Current Research Projects
Wall Turbulence Control and Skin-Friction Drag Reduction using Novel Surface Microstructures
(Sponsor: National Science Foundation)
Skin-friction drag is responsible for energy loss for ships, aircraft, and the trucking industry. This project explores innovative methods of reducing skin-friction drag using computations and experiments to reduce these losses. One of the promising methods for reducing skin-friction drag is to dampen wall turbulence passively using surface microstructures. The primary aim of this project is to provide a fundamental understanding of the underlying physics of the novel surface microstructures and show that they can provide systematic control of wall turbulence to minimize skin-friction drag.
Internal Flow Convection Heat Transfer Enhancement with Piezoelectric Actuators
(Sponsor: University of Mississippi & Mississippi Board of Licensure for Professional Engineers & Surveyors)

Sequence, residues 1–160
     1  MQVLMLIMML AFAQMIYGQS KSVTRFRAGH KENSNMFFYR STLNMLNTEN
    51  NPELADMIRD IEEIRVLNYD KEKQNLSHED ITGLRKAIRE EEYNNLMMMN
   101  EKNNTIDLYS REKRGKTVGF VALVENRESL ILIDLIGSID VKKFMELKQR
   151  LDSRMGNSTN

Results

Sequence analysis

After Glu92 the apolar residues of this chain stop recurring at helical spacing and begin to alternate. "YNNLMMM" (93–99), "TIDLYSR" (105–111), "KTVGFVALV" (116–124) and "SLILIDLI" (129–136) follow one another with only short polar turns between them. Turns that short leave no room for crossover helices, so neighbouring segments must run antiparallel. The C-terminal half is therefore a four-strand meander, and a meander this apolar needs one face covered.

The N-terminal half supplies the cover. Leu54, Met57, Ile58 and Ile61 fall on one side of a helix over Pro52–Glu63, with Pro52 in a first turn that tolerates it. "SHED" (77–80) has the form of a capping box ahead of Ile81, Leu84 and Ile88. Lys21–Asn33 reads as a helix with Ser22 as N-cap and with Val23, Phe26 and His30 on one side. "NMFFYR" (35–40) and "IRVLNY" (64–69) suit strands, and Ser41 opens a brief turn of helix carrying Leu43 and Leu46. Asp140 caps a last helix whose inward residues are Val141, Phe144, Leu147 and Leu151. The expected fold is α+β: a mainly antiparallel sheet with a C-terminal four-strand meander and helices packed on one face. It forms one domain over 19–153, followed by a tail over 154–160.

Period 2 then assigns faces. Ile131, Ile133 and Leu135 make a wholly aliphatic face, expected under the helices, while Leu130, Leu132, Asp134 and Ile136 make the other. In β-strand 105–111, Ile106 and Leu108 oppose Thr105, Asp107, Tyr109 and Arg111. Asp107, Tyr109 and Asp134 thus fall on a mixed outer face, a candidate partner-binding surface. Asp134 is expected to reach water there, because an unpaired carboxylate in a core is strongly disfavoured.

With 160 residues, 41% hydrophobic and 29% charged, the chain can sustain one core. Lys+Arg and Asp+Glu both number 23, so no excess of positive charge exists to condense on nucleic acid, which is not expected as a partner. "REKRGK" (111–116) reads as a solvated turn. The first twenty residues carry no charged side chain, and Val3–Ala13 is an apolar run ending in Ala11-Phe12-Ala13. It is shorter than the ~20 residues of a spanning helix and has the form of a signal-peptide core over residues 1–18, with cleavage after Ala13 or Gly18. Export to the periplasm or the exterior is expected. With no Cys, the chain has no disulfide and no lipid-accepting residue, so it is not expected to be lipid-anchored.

The primary objectives of the research are: 1) to develop a small form-factor Piezoelectric fan actuation (PFA) that can be embedded in small-scale convection heat transfer channels; 2) to obtain a fundamental understanding of steady and unsteady flow physics with different operational conditions of PFA; 3) to understand the time-dependent correlations between the induced flow physics and convection heat transfer enhancement; and 4) to find optimum operational conditions of PFA under various channel-flow conditions. The successful completion of the project will provide fundamental and practical knowledge for developing active air heat sink technologies that can be used in thermal management systems of various thermal engineering applications.
Flow Separation Control with High-Frequency Translational Surface Actuation (HFTSA)
(Sponsor: AFOSR - DURIP)
The proposed research is the fundamental investigation of steady and unsteady flow separation phenomena manipulated by the HFTSA in the low Reynolds number flow regime. The primary objectives of the proposed research are: 1) to realize and demonstrate the HFTSA mechanism as a new active flow control method for low Rec regime aerodynamic systems; 2) to obtain fundamental understanding of steady and unsteady flow separation physics with the HFTSA; 3) to develop a high fidelity numerical simulation method for minimizing experimental efforts; and 4) to optimize operational conditions of the HFTSA for flow separation control.